We’ve just recently returned from a two-week road trip from Omaha to the east coast to visit relatives and friends, a wonderful journey of 4,108 miles. One of the places we visited was the Maymont Estate in Richmond, Virginia. The Romanesque-style mansion on the 100-acre property was completed by James Henry and Sallie May Dooley in 1893. Major Dooley died in 1922 and upon the death of Mrs. Dooley in 1925, the estate was bequeathed to the city of Richmond. There were no heirs to parcel the land or distribute the contents of the mansion, and it was opened as a public park and museum, virtually intact, only six months later. When we visited the grounds last week, in a light rain, I was particularly enchanted by the lovely Japanese garden. Japanese maples have long been among my favorite trees, and the ones thriving here were nothing short of spectacular. It provided a welcome haven of serenity. Please click on a photo for a higher-resolution image.
Stunning leaf colour. I love them too. They make lovely photo subjects, but also are beautiful enough to just sit and gaze at them with enjoyment.
That third photo looks like the brightest colour leaves were arranged in a pleasing pattern.
They really are the stuff of contemplation, one of the main reasons why they are (and I feel) so at home in a Japanese garden.
Wow! Those reds really are stunning. It’s nice to see that flaming color long after the autumn colors of most other trees have long ago faded.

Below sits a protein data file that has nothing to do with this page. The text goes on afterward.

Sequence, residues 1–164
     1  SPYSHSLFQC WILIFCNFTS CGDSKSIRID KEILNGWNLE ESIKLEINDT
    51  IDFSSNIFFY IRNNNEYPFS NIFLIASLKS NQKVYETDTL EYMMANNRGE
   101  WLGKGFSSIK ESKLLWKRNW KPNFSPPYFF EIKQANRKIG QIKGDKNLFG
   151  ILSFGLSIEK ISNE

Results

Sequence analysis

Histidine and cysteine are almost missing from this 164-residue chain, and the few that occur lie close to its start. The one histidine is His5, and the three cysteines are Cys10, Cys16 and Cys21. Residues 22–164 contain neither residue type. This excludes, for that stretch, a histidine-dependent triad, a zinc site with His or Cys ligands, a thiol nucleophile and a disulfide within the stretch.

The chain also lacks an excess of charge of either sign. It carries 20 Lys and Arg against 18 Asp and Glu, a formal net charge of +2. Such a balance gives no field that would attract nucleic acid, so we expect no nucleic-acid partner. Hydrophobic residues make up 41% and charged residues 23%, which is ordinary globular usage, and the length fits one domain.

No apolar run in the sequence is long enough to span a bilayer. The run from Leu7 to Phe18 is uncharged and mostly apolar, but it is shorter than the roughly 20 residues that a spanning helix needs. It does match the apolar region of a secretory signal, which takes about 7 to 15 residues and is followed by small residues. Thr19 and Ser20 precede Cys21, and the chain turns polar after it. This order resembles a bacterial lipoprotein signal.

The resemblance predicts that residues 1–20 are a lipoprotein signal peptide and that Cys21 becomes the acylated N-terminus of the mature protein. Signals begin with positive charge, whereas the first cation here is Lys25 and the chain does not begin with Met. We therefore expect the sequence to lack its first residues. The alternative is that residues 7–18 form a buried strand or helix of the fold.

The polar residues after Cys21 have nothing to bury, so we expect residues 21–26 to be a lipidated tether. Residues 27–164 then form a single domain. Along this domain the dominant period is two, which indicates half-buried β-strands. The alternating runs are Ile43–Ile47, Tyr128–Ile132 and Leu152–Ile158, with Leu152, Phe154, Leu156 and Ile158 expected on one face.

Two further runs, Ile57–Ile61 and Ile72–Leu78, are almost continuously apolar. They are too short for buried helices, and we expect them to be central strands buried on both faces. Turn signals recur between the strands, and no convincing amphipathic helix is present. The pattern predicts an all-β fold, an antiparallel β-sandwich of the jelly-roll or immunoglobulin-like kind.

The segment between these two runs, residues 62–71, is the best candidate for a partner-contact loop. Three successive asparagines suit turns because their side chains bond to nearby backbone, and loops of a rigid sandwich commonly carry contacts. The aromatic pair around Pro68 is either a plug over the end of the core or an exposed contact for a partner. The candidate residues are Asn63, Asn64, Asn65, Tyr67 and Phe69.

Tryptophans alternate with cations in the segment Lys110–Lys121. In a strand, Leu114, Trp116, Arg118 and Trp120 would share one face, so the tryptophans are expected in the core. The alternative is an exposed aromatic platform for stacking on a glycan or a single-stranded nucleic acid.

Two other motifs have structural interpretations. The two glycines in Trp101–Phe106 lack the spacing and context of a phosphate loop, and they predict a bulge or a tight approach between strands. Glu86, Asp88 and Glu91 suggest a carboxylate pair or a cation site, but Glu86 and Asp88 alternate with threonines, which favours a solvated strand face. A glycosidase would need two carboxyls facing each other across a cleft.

It sure is. It’s a real treat to be able to travel around a bit at this time of year and catch up on the seasonal changes that have flown by so fast in other, less-gentle parts of the country. And few trees show the flame as much as these. Gotta love ’em!
Such beautiful colors…naturally. :)
One might think that the nearly-outrageous colors colors would contrast with the tranquil setting, but they really complement each other.
They certainly do, Gary…perfectly.
Thanks, M–it was a long drive to find this display at this time of year, but it was a great trip!
Beautiful pictures, Gary, I particularly like the top one, for its composition, the fact that you are looking down upon the beautiful scene, and for what appear to be reflections from waterlogged ground.
There’s a large arboretum near here at Westonbirt, and they have many of these Acers (is that the right name for Japanese maples???) – absolutely stunning.
And my mind goes into super-boggling mode when I think about a 4,000 mile road trip, although I know you New Worlders do such things! Adrian
That’s right, Adrian–Acer palmatum. You could do a road trip like that too, but if you wanted to do it all in longish stretches rather than short ones, you’d have to cross the Channel and invade the mainland–and you’d probably wind up in Siberia or India!